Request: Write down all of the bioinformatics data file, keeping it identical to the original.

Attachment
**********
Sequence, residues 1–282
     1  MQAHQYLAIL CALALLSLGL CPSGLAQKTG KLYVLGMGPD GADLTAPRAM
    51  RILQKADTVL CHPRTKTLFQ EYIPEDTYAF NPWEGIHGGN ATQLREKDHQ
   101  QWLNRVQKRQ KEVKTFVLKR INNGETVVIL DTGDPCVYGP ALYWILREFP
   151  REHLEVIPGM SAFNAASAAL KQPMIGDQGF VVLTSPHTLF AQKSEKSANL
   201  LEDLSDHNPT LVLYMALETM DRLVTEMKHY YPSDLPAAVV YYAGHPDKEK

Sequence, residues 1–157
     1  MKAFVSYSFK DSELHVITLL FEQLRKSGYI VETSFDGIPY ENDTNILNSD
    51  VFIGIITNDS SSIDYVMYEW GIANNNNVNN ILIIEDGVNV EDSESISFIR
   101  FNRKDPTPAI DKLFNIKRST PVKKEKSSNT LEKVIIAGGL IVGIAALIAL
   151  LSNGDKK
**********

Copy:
Sequence, residues 1–282
     1  MQAHQYLAIL CALALLSLGL CPSGLAQKTG KLYVLGMGPD GADLTAPRAM
    51  RILQKADTVL CHPRTKTLFQ EYIPEDTYAF NPWEGIHGGN ATQLREKDHQ
   101  QWLNRVQKRQ KEVKTFVLKR INNGETVVIL DTGDPCVYGP ALYWILREFP
   151  REHLEVIPGM SAFNAASAAL KQPMIGDQGF VVLTSPHTLF AQKSEKSANL
   201  LEDLSDHNPT LVLYMALETM DRLVTEMKHY YPSDLPAAVV YYAGHPDKEK

Sequence, residues 1–157
     1  MKAFVSYSFK DSELHVITLL FEQLRKSGYI VETSFDGIPY ENDTNILNSD
    51  VFIGIITNDS SSIDYVMYEW GIANNNNVNN ILIIEDGVNV EDSESISFIR
   101  FNRKDPTPAI DKLFNIKRST PVKKEKSSNT LEKVIIAGGL IVGIAALIAL
   151  LSNGDKK